Van - Late mid-season; fruit is medium large, good quality, shiny, reddish black, very firm, quite susceptible to cracking; very hardy tree; very heavy yields; pollen compatibility group is II. It is getting good reviews in Europe. When compared to Ulster, it has appeared to have slightly better yields, slightly less cracking and less firmness. Cracking on young trees has been worse than expected. Comments: Niche is early season fresh market.

    Sweetheart (135-22-8) - Very late (slightly ahead of Hudson); Van cross from Summerland, B. Comments: This cherry is getting excellent reviews in Europe as a fresh market cherry. Comment: Nice variety for fresh and processing when it doesn't crack. Ontario selection; medium large, good flavor and quality; moderate to heavy cracking when young but is looking better with age (Gus Tehrani indicates good crack resistance); do not plant on Mahaleb; has shown a tendency at NWMHRS to bear very heavy followed by moderate crop. Should also process well, but considered too crack susceptible to recommend planting for processing.

    . Was developed in an area with high bacterial canker pressure, so should have good bacterial canker tolerance.

    Hedelfingen - Late season; fruit is medium to medium large, good quality, not very firm (especially when mechanically harvested), with fair to good crack resistance (above average); very productive; hardy tree; pollen compatibility group VII. Not recommended for planting.

    Tehranivee (V690620) - Van x Stella. Not yet fruiting at the NWMHRS.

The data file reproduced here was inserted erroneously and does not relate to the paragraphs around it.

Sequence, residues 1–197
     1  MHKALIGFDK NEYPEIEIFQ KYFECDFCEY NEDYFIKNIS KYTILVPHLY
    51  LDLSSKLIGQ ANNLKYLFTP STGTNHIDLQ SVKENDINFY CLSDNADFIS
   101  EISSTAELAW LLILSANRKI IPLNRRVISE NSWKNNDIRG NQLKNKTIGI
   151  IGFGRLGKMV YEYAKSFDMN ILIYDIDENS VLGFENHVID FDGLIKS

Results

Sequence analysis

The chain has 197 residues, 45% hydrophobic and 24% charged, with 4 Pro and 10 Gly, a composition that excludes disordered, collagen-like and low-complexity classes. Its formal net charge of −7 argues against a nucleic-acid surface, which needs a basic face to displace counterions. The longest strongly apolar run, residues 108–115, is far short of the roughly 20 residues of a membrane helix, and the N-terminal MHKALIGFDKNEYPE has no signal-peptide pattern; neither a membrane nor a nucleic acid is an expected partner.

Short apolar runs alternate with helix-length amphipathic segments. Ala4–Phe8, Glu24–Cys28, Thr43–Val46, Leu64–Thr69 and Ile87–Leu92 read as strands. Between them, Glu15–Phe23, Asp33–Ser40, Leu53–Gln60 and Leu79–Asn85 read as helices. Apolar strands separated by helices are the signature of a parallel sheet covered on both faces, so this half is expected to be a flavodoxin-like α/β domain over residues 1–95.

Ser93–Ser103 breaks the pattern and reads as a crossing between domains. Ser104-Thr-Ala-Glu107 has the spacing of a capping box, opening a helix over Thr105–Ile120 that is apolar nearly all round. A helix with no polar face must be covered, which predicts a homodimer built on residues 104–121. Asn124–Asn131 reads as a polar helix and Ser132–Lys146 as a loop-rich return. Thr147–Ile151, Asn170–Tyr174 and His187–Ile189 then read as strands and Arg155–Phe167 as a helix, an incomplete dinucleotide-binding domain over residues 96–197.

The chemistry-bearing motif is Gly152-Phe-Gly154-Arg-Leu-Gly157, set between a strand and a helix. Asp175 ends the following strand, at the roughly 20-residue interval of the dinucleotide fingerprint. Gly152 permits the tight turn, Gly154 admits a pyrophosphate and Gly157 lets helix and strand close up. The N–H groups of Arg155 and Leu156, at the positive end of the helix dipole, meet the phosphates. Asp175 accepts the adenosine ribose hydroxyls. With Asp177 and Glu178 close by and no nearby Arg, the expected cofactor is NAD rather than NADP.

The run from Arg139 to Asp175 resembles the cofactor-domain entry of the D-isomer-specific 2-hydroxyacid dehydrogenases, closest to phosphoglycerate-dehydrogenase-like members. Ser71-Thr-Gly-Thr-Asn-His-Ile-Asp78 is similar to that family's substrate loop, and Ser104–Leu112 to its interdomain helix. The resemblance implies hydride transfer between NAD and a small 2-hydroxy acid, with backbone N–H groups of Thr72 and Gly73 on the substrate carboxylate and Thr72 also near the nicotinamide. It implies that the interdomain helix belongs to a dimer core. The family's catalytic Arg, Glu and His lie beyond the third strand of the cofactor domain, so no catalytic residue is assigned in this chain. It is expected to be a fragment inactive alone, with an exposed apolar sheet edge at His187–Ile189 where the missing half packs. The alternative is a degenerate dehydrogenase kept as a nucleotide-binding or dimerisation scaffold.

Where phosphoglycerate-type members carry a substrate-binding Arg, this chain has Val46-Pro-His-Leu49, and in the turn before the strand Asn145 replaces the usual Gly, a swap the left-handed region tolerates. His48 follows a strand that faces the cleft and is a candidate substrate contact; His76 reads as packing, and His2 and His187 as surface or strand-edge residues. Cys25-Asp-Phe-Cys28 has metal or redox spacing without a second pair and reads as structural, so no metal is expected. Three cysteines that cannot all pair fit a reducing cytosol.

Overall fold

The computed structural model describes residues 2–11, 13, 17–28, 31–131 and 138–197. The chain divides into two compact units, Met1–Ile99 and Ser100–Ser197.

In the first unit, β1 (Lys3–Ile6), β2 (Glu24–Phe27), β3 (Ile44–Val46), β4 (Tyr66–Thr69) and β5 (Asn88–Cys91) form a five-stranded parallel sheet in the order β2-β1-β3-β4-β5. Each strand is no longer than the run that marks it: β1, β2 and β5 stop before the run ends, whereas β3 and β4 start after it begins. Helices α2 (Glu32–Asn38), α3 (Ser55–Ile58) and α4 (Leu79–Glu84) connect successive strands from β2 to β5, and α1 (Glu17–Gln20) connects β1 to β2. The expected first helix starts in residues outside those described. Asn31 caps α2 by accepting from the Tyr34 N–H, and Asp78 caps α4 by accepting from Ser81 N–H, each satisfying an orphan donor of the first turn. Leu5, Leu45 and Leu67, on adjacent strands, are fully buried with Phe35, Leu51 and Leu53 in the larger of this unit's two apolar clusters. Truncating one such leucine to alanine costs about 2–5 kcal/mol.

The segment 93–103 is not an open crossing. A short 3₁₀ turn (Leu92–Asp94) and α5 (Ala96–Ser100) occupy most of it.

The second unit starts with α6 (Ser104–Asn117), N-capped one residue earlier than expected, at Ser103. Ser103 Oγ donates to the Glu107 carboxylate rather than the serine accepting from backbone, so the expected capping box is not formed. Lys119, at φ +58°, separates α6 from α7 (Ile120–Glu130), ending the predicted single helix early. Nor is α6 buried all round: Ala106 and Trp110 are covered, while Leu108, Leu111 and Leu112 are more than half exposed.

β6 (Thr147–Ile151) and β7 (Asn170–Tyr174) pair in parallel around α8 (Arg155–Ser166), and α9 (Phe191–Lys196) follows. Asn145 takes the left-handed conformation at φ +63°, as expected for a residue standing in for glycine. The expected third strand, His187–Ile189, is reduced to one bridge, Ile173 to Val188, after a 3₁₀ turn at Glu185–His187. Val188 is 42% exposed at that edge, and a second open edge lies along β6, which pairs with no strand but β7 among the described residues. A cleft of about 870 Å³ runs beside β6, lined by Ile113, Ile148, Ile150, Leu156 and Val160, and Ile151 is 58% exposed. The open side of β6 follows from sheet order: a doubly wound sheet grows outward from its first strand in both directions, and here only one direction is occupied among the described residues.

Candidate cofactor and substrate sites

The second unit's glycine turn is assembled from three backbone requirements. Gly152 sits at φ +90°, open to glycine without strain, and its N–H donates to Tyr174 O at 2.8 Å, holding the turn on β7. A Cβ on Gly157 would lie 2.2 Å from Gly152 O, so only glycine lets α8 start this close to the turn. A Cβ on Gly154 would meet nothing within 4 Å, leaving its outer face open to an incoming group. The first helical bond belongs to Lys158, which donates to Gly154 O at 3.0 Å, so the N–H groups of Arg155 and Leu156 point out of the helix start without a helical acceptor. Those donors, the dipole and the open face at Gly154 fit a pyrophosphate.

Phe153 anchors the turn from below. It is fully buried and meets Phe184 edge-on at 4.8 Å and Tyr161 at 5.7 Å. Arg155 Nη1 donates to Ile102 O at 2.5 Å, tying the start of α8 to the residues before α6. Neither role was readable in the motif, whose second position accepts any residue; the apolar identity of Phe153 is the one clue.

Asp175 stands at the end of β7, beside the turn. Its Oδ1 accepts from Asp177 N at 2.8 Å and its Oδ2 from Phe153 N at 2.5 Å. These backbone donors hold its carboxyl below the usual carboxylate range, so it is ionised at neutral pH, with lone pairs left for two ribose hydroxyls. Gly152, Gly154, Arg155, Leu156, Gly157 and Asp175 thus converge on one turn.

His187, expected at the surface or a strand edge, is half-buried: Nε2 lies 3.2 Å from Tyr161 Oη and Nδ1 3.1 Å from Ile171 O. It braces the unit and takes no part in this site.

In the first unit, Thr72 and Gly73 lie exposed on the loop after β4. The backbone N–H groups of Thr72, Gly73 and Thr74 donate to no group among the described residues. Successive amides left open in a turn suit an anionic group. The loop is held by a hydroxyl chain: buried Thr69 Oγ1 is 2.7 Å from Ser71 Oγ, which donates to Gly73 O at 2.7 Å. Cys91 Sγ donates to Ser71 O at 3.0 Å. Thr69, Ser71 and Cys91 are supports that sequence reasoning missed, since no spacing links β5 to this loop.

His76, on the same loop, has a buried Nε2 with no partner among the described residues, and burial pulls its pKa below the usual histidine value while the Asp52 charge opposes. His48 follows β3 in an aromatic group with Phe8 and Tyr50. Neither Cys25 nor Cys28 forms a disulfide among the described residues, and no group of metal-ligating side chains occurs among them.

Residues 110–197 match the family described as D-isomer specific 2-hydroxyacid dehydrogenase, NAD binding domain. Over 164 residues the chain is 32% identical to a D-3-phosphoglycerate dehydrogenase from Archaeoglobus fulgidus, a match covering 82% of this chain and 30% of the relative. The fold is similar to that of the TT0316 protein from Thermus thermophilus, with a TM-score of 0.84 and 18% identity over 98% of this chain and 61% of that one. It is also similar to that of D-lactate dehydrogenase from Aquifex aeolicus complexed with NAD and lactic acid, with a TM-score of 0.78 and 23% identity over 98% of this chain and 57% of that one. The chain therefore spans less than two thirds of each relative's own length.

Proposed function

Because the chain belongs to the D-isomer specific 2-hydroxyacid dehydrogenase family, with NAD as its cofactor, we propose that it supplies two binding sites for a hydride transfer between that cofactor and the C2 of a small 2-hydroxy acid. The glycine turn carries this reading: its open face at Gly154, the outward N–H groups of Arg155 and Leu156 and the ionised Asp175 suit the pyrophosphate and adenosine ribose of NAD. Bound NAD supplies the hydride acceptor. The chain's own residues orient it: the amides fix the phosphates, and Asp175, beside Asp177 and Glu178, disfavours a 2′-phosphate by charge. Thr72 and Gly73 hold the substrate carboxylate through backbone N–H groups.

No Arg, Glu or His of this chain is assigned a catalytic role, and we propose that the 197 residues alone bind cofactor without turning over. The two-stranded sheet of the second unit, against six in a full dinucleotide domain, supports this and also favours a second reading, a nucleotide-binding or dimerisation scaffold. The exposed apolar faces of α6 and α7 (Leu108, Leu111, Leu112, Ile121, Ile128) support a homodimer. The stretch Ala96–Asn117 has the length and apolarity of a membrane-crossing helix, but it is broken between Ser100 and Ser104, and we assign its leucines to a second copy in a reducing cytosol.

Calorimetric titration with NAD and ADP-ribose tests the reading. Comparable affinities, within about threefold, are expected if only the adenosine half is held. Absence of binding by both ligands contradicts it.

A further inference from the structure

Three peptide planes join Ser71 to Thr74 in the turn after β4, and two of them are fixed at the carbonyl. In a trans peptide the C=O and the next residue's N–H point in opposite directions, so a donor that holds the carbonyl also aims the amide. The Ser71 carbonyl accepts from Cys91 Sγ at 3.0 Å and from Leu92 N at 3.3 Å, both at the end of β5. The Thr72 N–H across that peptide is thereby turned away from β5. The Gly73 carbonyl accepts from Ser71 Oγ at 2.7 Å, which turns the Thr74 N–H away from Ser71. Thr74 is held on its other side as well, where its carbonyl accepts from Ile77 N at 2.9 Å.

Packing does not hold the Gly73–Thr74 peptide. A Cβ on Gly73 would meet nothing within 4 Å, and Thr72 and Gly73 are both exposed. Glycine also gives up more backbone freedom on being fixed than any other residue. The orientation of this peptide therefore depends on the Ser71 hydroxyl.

Hudson - Very late (5-7 days after Hedelfingen); NY selection; fruit fairly large, firm, good flavor, fairly good crack resistance; tree is large, hardy, slow to come into bearing on Mazzard, moderately productive (though cropping better with age); blooms late, pollen compatibility group IX (with Rainier).; productive, medium to large fruit, moderate cracking, very good firmness and good flavor. Comments: Sam does particularly well in northwest Michigan on Mahaleb rootstock (where soils allow).

    Late
    Somerset (NY6476) - Late season; Van x Vic; NY selection; fruit are medium-large, reddish purple and very firm; pollen compatibility group III - with Napoleon and Emperor Francis; blooms early season; cracking appears to be a major problem at least while trees are young, though cherry breeder, Bob Anderson, in New York indicates "surprisingly crack resistant" for such "exceptionally firm" fruit.C.

    Schmidt - Mid-season; fruit good quality; very good crack resistance; tree decline is a problem; productivity is also a problem. Comments: Doesn't have the size the fresh market wants, but may have a niche in processing.


    Summit - Mid-season; fruits very large, firm reddish mahogany color at maturity; heart shaped (exceptionally pointed), moderately susceptible to cracking (lost crops in '92 and '93 on young trees with light crops to cracking, but cracking has been fairly light since cropping has been heavy); not precocious but fruit set improves with age; tree hardiness suspect. Cracking was quite bad in '98 on first crop.  Harvesting in mid-season for fresh instead of early season improves flavor. Comments: Have not recommended in new plantings for many years due to problems, but fruit quality is good enough to try this old variety on some of the new rootstocks.

    Mid
    Bing - Mid-season.

    Stella - Mid-season.

    Kristin - Mid-season; New York variety; fruit are moderately large, firm, excellent flavor, NY indicates good crack resistance though our experience would rate it as moderate crack resistance; trees are very hardy (has performed well in Montana and Norway); has yielded well here though warmer climates report it is slow to bear and yields only moderately. As with Tehranivee, nice cherry and very productive but cracking has been a significant problem; therefore not recommended for Michigan.

    Sunburst - Late. Comments: Cracks too much to plant in Michigan. Self-fruitful.